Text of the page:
Currently the third leading cause of death from cancer, pancreatic cancer kills about 50,000 people annually in the United States alone. Despite decades of research, the disease continues to hinder drug developers and oncologists. Now, academic researchers led by Columbia scientists and the scientific team at Revolution Medicines report a new type of investigational therapeutic in development for pancreatic cancer that they say has shown unprecedented tumor-fighting abilities in preclinical models of the disease.

The findings are published in Nature in a study, titled, “Tumor-selective effects of active RAS inhibition in pancreatic ductal adenocarcinoma.”

“Broad-spectrum RAS inhibition holds the potential to benefit roughly a quarter of human cancer patients whose tumors are driven by RAS mutations,” the researchers wrote. “RMC-7977 is a highly selective inhibitor of the active GTP-bound forms of KRAS, HRAS, and NRAS, with affinity for both mutant and wild type (WT) variants (RAS(ON) multi-selective). As >90% of human pancreatic ductal adenocarcinoma (PDAC) cases are driven by activating mutations in KRAS4, we assessed the therapeutic potential of the RAS(ON) multi-selective inhibitor RMC-7977 in a comprehensive range of PDAC models. We observed broad and pronounced anti-tumor activity across models following direct RAS inhibition at exposures that were well-tolerated in vivo.”

The inhibitors in this new class of oral medications, being developed by Revolution Medicines, target the oncogenic or active cancer-causing form of RAS proteins (such as KRAS, NRAS, and HRAS).

“For over four decades, we have known that there’s one particular RAS protein, called KRAS, that’s mutated and drives about 95% of all pancreatic ductal adenocarcinoma cases, and we’ve had no direct tools to attack it for most of that time,” said Kenneth Olive, PhD, associate professor of medicine at Columbia University’s Vagelos College of Physicians and Surgeons and Herbert Irving Comprehensive Cancer Center, and one of the study’s senior authors.

When the study’s co-senior author, Mallika Singh, PhD, vice president for translational research at Revolution Medicines, told Olive the company had invented a class of inhibitors that had the potential to target all RAS mutations, he was incredulous. “My immediate reaction was skepticism,” said Olive. “But I was curious, and we quickly established a collaboration.”

Preclinical studies soon launched in the Olive lab at Columbia, led by Urszula Wasko, a PhD student in the molecular pharmacology graduate program.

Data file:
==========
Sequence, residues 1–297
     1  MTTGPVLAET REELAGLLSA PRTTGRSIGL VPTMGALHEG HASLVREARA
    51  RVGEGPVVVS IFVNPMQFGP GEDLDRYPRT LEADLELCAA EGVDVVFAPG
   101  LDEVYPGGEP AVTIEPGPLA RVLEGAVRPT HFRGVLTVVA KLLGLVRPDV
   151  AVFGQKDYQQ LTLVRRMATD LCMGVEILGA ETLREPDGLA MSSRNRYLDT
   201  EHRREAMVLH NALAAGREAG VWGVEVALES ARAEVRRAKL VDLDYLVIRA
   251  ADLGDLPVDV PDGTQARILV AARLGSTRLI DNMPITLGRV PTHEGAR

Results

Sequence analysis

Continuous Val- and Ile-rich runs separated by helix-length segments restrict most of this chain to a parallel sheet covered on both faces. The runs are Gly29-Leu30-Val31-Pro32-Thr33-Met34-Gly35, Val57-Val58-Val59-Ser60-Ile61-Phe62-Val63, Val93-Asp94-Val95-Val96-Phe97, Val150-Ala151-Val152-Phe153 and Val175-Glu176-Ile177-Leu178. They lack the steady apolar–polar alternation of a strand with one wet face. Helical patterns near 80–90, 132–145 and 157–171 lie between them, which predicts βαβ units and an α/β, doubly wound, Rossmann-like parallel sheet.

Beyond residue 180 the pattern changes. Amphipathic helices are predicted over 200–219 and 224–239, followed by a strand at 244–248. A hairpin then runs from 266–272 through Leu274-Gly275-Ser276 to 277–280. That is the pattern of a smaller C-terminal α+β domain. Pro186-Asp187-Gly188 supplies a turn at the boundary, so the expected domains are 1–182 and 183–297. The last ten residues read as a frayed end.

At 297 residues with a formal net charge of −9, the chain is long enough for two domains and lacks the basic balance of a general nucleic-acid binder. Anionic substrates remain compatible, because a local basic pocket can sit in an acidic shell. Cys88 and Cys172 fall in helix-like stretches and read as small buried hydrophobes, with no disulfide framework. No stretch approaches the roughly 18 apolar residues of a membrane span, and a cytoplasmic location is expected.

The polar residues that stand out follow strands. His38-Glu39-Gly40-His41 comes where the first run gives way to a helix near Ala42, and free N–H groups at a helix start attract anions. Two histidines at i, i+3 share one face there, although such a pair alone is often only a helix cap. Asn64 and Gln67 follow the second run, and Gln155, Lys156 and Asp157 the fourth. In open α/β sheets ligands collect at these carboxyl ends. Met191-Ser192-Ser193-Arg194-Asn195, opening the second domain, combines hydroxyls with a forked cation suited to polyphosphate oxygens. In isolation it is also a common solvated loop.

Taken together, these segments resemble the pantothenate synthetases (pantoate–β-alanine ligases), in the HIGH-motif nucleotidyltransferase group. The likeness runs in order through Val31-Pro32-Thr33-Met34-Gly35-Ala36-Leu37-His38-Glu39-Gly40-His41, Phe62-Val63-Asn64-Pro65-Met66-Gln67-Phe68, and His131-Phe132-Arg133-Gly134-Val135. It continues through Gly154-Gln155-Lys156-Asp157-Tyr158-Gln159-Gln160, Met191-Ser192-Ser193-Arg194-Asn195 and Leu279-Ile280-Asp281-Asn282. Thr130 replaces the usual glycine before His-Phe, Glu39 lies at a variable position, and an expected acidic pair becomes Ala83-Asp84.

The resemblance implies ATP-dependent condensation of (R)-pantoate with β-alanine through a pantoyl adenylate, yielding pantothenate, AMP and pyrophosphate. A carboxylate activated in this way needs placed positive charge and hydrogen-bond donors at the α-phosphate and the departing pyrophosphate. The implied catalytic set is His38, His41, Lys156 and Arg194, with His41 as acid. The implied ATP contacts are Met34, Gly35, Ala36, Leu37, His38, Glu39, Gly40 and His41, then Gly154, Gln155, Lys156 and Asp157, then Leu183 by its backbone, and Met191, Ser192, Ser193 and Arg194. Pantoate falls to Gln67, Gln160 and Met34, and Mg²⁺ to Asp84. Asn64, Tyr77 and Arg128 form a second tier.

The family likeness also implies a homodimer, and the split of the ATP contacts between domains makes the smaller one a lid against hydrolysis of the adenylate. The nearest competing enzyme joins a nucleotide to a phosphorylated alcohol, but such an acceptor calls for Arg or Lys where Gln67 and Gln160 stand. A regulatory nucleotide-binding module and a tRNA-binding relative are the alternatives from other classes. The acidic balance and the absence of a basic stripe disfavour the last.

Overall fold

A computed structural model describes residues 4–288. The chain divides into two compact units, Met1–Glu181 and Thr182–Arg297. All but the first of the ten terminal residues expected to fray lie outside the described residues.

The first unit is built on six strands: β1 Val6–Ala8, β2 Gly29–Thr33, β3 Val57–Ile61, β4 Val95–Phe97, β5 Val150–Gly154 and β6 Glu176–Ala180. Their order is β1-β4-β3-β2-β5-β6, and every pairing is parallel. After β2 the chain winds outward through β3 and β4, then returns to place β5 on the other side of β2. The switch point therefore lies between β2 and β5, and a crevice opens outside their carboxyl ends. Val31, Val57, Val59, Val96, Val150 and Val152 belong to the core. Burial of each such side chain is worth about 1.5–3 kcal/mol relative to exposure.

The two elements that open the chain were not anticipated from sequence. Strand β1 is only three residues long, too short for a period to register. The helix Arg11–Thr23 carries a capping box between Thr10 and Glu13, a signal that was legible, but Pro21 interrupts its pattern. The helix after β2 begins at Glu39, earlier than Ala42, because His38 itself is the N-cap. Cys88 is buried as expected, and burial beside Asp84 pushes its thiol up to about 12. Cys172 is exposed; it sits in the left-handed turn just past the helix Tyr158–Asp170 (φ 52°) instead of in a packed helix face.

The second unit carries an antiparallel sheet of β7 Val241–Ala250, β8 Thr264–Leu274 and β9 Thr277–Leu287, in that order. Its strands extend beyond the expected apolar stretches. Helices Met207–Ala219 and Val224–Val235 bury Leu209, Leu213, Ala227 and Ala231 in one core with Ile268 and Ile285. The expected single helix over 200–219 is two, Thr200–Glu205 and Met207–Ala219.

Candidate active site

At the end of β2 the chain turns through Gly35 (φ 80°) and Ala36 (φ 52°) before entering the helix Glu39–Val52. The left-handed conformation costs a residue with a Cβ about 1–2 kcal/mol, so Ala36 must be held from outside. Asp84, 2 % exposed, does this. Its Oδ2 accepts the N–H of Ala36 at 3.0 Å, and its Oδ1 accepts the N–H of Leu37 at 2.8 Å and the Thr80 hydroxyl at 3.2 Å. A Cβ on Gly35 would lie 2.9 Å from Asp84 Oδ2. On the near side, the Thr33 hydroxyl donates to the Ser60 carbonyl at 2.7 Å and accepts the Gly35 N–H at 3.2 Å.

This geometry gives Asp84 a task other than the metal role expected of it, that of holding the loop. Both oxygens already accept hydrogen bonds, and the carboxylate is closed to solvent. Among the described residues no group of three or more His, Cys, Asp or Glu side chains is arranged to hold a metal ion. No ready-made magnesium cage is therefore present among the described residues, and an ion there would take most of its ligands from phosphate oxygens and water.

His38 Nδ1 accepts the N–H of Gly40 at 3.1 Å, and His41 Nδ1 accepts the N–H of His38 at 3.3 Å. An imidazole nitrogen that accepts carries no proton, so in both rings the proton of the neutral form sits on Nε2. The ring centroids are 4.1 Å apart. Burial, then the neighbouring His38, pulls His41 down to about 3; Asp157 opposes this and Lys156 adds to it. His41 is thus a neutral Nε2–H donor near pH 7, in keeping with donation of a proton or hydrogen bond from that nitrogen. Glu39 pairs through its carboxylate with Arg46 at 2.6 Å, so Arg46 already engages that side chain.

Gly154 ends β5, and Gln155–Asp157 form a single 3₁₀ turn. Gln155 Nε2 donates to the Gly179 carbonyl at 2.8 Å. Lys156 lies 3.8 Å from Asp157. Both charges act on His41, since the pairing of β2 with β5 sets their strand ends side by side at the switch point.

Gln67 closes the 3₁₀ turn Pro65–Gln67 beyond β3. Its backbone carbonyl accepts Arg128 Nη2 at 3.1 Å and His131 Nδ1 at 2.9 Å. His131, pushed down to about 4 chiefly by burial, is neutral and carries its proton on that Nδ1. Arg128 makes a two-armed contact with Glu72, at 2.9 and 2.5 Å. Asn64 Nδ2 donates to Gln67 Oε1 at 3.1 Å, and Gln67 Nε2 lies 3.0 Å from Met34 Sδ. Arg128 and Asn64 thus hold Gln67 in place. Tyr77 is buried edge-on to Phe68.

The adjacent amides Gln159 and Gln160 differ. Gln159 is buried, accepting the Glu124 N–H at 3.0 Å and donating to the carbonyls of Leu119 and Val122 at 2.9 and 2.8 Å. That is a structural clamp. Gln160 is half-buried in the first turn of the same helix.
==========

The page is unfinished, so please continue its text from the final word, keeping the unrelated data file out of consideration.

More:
“We immediately knew we were working with something entirely different,” said Olive. At the same time, Olive and Revolution Medicines worked to bring together pancreatic cancer experts from other academic institutions, including the University of Pennsylvania, Dana-Farber Cancer Institute, University of North Carolina at Chapel Hill, and Memorial Sloan Kettering. “Rather than compete against one another, we established a consortium and agreed to share data in real time. That was transformative,” added Olive.

“By unleashing a consortium of scientists on this problem, we were able to examine active RAS inhibition in every major class of model for pancreatic cancer, and this inhibitor performed really well in all,” said Olive.

“RMC-7977 as a single agent outperformed the best combination regimen that has ever been reported in the literature in that model system,” he said, adding that it’s the first time he’s ever seen tumors routinely get smaller in those systems. Other models the consortium tested yielded similar results.

Because RMC-7977 also inhibits wild-type RAS proteins essential to the health of many normal cells, the scientists also carefully examined normal tissues in the treated animals. This work showed that tumor cells are uniquely sensitive to the inhibitor, while the impact in normal cells was minimal.

Although the initial responses in preclinical tumor models to the inhibitor were significant, the researchers pointed out that the tumors were not eliminated.

“In almost every case, the tumor came back,” he said. In tissue culture, the investigators identified another oncogene, called MYC, that was altered in most of the resistant tumors, then developed a combination treatment that was effective against tumor cells that had developed resistance to the active RAS inhibitor. Those results suggest a combinatorial approach that is worth exploring in patients in the future.

In a field with a long history of failed drug development efforts, the new results are cause for optimism, Olive explained. “I’ve been working on pancreatic cancer for almost 20 years, and I’ve never seen preclinical results like these. I think there is a real chance this approach will help change the standard of care for pancreatic cancer patients, but only clinical trials can determine that. I’m excited that Columbia is one of many institutions participating in the clinical development of these new agents.”

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